Older trainees have been found to learn through activating the senses. Basically, 75 percent of this learning is through the sense of sight, 13 percent through the sense of hearing, six percent through the sense of touch, three percent through the sense of smell and three percent through the sense of taste (Lester 1984). Classrooms should be set up, as discussed in Section 4.0, to compensate for the sensory changes that are normal for older people.
Adults Learn By Doing
Nerves from the eye to the brain are 25% denser than those from the ears. For that reason and probably because of television and movies, most people are visual rather than auditory learners. Andrea Nevins, director of the National Eldercare Institute on Human Resources, presented the following information on adult learning at a meeting of the American Society on Aging:
Method Average Rate of Retention
Audio Visual 20%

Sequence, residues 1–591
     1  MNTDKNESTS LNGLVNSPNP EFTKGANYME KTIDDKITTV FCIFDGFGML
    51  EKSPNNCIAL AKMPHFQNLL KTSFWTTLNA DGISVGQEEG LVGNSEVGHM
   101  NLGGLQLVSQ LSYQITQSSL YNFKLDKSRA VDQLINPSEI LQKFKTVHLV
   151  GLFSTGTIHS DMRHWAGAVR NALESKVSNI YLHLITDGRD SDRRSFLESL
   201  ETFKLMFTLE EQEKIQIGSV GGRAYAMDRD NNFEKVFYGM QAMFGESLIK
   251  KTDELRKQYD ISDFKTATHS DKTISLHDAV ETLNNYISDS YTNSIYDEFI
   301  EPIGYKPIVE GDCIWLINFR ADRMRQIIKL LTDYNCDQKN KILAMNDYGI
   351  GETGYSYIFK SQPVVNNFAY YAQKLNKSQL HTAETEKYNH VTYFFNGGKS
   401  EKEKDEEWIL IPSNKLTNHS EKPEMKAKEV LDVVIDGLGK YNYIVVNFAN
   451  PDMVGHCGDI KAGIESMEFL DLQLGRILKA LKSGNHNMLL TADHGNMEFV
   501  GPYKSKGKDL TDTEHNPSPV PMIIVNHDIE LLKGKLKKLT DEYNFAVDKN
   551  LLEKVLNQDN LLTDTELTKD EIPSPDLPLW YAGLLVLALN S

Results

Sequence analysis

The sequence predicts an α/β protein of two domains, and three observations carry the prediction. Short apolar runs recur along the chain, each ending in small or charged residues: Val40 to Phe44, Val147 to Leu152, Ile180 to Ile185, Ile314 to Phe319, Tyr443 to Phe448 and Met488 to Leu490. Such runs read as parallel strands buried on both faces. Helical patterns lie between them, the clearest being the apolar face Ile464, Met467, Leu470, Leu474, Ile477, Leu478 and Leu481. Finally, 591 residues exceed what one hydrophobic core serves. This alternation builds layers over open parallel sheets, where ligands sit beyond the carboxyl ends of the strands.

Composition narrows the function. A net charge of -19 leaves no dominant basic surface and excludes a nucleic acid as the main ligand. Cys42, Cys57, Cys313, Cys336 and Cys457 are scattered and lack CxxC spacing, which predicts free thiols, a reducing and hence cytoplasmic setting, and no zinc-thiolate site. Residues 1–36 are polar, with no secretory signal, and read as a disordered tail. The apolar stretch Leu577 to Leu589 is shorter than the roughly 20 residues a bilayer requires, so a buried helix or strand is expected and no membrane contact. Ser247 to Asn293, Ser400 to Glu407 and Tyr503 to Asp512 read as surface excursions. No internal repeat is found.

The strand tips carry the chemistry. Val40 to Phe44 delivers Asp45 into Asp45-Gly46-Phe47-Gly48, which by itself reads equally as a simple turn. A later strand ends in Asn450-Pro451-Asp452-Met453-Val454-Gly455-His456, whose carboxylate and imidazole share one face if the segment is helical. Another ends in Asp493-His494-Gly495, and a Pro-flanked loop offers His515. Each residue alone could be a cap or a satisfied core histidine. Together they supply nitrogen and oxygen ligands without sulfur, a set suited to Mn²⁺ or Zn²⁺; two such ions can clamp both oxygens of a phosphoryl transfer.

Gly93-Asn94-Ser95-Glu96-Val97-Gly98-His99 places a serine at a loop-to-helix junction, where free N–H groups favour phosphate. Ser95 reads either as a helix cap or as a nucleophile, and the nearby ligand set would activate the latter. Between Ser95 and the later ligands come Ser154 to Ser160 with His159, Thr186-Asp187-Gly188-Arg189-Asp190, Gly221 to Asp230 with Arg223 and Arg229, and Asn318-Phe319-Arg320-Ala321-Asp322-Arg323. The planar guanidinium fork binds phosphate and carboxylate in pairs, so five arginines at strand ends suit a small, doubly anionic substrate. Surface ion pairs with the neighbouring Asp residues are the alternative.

Practice Doing (Experiential) 75%
The Teaching Process Should Be Slowed Down
Studies have shown that when things move too quickly, people's performance and, just as important, their motivation drops steeply. All people learn at different rates. The training process should be kept slow and simple. All instructions should be repeated and learners should repeat their actions.
Nothing is more frustrating to trainees who already feel a lack of confidence in their abilities than not being able to keep up with a fast-paced instructor.
Some trainers may find it easier to do things for the slower-paced trainees. In computer training, for example, some trainers are tempted to press keys for the trainees to speed up the process. This is a bad idea. Trainers need to be patient and allow trainees to do things for themselves at their own pace, no matter how slow.
Keep the training process slow and simple.
Self-Paced Learning Allows Trainees to Set Their Own Pace